The 2010 Locus Awards winners were announced this past weekend in Seattle, Washington. Voted on by subscribers to Locus Magazine and non-subscribers who read SF and Fantasy, the awards are a kind of "People's Choice" award for genre fiction.
Winners in the novel categories included Cherie Priest, China Mieville, and Paolo Bacigalupi for, respectively a steampunk western/zombie novel, a breach of fantasy and noir fiction, and a dystopic view of a future that could be deemed anti-steampunk. Priest will soon have a sequel out, while Mieville has moved on to dealing with the complex issue of squid cults and Bacigalupi's ShipbreakerYA novel is receiving wide-spread acclaim (look for an interview here soon).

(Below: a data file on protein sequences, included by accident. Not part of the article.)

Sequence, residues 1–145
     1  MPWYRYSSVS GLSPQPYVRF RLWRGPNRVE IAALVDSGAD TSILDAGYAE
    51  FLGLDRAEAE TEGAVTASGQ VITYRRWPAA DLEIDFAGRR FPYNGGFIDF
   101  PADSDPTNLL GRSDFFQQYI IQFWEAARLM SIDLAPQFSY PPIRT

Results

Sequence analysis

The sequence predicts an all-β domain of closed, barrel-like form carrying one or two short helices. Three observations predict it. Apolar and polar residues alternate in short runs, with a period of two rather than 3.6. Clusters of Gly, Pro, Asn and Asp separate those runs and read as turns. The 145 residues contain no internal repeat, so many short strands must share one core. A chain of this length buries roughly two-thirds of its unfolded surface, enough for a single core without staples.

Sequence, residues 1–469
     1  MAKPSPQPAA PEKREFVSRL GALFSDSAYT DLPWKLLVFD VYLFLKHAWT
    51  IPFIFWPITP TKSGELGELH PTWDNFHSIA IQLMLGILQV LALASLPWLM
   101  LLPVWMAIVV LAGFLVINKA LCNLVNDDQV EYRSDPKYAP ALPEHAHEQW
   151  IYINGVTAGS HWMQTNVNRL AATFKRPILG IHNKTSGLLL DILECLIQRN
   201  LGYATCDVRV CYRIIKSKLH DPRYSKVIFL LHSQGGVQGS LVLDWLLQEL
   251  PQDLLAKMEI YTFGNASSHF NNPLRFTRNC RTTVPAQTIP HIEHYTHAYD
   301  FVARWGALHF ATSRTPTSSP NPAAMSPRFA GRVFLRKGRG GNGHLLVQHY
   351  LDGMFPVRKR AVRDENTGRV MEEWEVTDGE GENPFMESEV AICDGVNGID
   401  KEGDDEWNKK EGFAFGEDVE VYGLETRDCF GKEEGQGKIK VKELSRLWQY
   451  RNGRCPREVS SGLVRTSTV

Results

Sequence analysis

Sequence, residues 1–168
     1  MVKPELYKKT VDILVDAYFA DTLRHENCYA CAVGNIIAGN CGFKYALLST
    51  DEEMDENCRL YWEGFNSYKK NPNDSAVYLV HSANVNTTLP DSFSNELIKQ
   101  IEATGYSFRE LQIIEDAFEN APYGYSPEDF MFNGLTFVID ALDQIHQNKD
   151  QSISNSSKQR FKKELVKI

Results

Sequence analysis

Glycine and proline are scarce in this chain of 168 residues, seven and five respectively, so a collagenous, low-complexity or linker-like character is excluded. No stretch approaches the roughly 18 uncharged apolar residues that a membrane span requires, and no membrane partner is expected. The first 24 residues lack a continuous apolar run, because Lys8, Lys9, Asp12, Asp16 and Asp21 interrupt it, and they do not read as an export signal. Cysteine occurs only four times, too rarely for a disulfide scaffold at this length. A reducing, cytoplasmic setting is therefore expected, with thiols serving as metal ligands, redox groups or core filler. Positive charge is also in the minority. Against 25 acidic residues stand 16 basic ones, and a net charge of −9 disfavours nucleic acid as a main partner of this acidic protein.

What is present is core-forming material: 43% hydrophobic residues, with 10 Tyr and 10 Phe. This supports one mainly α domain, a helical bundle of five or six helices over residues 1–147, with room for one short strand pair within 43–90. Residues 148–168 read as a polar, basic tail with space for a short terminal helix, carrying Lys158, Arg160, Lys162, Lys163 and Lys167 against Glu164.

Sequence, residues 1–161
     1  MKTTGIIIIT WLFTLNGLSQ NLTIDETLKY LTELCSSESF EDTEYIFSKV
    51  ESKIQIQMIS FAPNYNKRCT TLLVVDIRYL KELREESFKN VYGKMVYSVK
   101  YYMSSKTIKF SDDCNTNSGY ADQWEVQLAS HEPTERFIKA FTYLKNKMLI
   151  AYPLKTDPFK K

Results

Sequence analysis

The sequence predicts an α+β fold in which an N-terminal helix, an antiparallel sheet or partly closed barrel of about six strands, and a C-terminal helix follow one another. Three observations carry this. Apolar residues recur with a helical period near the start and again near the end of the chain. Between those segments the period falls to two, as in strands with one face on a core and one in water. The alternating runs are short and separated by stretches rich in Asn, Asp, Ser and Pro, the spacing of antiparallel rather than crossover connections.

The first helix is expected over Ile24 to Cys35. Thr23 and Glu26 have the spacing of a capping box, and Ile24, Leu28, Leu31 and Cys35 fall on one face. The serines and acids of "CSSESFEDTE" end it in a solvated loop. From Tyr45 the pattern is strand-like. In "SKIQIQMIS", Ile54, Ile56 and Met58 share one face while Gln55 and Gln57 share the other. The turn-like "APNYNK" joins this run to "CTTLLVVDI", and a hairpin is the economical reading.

Voters took a moment to remember Kage Baker, who passed on recently, in the Best Novella category. Baker was among the field's most talented writers, and had a true knack for humor, as well. Neil Gaiman, who has produced much fine work, won best short story for a minor piece in a Jack Vance appreciation anthology. Meanwhile, Seattle's own Aqueduct Press won in the nonfiction book category.
Click here for the complete list of winners.